In Washington, DC, at a Metro Station on a cold January morning in 2007 this man with a violin played six Bach pieces for about 45 minutes. During that time, approximately 2,000 people went through the station, most of them on their way to work.
After 3 minutes: A middle-aged man noticed that there was a musician playing. He slowed his pace and stopped for a few seconds and then hurried on to meet his schedule.
About 4 minutes later: The violinist received his first dollar. A woman threw money in the hat and without stopping continued to walk.
At 6 minutes: A young man leaned against the wall to listen, then looked at his watch and started to walk again.
At 10 minutes: A toddler stopped but his mother tugged him along hurriedly. The kid stopped to look at the violinist again but the mother pushed hard and the child continued to walk, turning his head the whole time. This action was repeated by several other children, but every parent — without exception — forced their children to move on quickly.
At 45 minutes: The musician played continuously. Only 6 people stopped and listened for a short while. About 20 gave money but continued to walk at their normal pace. The man collected a total of $32.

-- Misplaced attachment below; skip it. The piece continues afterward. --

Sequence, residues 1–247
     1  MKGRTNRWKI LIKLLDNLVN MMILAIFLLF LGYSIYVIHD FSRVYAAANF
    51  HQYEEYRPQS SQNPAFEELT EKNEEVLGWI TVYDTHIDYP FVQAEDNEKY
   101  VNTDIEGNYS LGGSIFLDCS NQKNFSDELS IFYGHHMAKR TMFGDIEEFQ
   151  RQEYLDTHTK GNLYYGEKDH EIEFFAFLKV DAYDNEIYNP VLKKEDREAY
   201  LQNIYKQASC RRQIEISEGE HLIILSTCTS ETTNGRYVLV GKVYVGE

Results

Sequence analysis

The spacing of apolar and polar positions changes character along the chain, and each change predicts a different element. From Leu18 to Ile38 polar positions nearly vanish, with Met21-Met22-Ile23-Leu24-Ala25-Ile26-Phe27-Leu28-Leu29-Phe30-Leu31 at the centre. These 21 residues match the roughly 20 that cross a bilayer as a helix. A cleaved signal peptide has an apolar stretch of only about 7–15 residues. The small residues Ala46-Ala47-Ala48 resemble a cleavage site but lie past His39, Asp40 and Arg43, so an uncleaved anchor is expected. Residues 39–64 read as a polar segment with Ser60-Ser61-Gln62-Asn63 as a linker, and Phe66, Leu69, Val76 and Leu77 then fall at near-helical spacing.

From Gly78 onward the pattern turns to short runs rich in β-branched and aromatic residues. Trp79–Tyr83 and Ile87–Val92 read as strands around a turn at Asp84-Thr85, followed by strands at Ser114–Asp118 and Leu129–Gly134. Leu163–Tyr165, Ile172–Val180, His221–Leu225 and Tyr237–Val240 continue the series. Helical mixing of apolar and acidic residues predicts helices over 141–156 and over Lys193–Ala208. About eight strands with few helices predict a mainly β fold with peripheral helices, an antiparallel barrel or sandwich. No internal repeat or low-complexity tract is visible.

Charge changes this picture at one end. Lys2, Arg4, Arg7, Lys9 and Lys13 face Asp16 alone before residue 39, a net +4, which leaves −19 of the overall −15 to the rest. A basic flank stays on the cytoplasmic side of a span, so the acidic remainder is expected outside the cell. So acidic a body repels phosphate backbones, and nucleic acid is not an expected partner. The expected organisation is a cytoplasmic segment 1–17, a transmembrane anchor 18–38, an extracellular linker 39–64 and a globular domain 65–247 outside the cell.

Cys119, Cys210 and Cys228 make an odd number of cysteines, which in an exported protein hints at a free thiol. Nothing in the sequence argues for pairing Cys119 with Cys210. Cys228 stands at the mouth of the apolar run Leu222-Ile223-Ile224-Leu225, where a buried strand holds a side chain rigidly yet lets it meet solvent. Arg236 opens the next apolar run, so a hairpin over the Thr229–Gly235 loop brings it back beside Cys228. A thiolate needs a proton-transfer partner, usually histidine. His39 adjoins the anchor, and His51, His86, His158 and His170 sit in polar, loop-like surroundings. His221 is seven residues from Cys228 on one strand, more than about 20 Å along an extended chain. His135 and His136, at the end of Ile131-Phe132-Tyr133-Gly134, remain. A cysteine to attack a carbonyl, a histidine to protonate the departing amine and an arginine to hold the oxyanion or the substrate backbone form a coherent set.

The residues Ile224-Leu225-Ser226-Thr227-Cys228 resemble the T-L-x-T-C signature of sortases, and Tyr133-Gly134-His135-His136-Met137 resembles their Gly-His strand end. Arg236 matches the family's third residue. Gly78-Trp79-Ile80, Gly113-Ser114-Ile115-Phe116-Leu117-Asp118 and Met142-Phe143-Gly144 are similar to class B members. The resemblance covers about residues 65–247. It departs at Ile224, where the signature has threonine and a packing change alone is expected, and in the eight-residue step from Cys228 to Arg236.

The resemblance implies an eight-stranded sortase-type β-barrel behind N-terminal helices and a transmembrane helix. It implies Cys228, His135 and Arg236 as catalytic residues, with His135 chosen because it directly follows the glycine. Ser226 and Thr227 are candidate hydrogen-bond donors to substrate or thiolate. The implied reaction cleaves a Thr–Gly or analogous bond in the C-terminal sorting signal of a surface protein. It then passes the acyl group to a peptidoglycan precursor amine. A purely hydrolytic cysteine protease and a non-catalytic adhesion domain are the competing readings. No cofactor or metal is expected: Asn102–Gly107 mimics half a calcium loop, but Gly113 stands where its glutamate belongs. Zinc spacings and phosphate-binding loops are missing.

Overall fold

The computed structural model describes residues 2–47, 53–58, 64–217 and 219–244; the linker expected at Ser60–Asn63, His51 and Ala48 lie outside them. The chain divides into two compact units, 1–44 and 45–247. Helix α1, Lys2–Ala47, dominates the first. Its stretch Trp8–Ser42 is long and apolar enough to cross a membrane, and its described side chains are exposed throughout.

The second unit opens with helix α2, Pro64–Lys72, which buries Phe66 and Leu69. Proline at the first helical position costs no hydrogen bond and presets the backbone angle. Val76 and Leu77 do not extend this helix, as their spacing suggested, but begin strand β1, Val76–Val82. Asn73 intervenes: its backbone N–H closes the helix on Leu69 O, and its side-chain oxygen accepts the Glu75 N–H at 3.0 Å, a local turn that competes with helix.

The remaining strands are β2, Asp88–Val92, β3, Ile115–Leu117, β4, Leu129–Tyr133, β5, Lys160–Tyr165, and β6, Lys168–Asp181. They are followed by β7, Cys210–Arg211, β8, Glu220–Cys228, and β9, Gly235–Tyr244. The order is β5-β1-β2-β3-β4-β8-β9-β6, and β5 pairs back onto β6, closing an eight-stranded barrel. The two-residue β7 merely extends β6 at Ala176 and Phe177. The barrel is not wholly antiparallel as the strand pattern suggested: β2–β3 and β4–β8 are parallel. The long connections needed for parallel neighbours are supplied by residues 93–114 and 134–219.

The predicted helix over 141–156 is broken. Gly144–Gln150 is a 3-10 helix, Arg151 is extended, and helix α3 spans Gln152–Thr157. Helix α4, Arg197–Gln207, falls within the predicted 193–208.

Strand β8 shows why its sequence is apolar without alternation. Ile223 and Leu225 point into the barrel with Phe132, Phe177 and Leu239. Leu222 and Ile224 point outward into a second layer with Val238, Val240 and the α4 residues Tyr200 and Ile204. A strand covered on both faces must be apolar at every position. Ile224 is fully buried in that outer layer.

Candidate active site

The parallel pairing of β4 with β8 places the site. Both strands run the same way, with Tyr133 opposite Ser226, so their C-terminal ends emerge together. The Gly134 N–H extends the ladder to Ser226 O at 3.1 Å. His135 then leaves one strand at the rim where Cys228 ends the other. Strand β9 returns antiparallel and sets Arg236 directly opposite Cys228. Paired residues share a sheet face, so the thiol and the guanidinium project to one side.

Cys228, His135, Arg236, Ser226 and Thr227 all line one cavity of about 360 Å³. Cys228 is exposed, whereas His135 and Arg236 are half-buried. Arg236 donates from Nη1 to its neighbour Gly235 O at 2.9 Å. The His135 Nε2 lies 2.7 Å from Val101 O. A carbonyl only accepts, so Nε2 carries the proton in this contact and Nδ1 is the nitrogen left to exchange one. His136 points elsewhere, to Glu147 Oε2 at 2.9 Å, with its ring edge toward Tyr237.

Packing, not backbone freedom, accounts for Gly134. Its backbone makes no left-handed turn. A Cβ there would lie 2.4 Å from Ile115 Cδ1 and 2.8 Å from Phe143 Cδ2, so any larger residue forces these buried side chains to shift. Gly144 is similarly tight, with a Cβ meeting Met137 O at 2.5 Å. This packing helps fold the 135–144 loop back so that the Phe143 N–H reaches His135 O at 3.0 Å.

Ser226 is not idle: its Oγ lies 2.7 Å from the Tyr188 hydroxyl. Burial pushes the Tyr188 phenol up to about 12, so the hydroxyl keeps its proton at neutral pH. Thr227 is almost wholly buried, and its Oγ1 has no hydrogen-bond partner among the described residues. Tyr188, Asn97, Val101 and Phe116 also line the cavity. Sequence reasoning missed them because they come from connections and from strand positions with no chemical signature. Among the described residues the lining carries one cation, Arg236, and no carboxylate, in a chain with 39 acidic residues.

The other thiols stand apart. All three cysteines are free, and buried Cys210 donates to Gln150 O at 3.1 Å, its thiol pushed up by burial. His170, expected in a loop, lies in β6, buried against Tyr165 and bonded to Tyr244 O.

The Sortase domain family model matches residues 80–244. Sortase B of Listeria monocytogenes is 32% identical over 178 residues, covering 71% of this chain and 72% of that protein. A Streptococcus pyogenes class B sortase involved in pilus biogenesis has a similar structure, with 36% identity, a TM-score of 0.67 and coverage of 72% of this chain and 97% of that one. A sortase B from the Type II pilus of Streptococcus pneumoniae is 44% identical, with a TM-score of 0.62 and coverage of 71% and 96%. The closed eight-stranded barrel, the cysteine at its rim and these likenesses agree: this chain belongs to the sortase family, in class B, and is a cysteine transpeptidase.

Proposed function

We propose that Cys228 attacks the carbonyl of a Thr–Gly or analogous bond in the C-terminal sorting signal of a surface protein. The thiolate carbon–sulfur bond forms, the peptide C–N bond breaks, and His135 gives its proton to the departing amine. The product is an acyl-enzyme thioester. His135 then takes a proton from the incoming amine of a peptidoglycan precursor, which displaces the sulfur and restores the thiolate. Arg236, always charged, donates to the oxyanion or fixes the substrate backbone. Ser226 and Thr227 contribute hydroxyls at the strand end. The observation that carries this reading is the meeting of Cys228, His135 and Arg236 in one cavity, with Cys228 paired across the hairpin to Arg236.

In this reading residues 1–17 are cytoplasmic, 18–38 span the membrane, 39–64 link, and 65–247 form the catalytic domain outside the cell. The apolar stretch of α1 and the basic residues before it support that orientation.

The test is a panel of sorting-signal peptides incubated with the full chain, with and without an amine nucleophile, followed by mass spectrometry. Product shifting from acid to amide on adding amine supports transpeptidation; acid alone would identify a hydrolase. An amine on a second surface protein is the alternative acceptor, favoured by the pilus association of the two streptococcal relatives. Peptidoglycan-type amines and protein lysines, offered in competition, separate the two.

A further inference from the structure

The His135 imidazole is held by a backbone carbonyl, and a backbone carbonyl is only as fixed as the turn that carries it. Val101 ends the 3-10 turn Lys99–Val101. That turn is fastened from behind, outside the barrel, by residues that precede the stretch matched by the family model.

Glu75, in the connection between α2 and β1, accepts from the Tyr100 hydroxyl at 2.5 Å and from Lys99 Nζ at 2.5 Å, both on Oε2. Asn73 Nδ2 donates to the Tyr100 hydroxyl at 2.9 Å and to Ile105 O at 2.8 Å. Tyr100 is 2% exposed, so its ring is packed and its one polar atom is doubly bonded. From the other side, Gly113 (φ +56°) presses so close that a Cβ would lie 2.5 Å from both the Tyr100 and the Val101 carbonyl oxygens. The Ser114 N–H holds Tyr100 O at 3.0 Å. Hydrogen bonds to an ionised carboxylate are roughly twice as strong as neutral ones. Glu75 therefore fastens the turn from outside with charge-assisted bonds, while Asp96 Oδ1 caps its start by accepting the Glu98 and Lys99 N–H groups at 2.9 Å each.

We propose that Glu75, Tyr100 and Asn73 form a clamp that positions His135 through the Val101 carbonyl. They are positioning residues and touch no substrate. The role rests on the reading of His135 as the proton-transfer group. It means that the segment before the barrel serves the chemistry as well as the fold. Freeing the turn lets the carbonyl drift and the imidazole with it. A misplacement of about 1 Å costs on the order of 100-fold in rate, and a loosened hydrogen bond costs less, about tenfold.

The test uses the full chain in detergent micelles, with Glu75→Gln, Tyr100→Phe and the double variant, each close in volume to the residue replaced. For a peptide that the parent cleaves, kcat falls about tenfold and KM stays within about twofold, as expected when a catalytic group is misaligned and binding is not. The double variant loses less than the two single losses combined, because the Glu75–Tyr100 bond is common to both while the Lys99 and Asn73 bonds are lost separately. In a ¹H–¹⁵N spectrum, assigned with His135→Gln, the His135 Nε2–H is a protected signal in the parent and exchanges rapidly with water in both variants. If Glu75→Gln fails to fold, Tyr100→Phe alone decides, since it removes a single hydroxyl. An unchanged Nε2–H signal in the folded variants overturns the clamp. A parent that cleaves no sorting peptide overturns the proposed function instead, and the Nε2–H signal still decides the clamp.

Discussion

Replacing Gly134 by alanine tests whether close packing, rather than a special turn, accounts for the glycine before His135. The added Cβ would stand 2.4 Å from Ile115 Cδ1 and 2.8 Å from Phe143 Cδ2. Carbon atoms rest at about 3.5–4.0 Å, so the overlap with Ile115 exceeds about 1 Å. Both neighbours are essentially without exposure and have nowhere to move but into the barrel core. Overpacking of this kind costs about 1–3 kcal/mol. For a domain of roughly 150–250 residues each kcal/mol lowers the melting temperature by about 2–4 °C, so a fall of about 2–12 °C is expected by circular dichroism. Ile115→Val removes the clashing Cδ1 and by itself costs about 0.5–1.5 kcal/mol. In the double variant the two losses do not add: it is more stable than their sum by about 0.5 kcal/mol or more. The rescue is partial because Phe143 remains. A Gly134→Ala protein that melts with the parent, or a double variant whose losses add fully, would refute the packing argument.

After 1 hour: He finished playing and silence took over. No one noticed and no one applauded. There was no recognition at all.
What no one knew was that the violinist was Joshua Bell; one of the greatest musicians in the world. He played one of the most intricate pieces ever written, with a violin worth $3.5 million dollars. Two days before, Joshua Bell sold-out a theater in Boston where the seats averaged $100 each to listen to him play the same music.
This is a true story. The episode of Joshua Bell, playing incognito in the D.C. Metro Station, was organized by the Washington Post as part of a social experiment about perception, taste and people’s priorities.
This experiment raised several questions:
*In a common-place environment, at an inappropriate hour, do we perceive beauty?
*If so, do we stop to appreciate it?
*Do we recognize talent in an unexpected context?
One possible conclusion reached from this experiment could be this: If we do not have a moment to stop and listen to one of the best musicians in the world, playing some of the finest music ever written, with one of the most beautiful instruments ever made, how many other things are we missing as we rush through life?
In our rush to hoard and accumulate, we miss life. It is not by our money, wealth, assets etc., but by our capacity for enjoyment that we are rich or poor. To strive for wealth and have no capacity for enjoyment is to be like the bald man who struggles to collect combs.
Most people are so afraid to die that, from their efforts to avoid death, they never live.
Don’t die before death. Live after death.
If we cannot be happy here and now, we can never be happy anywhere any time.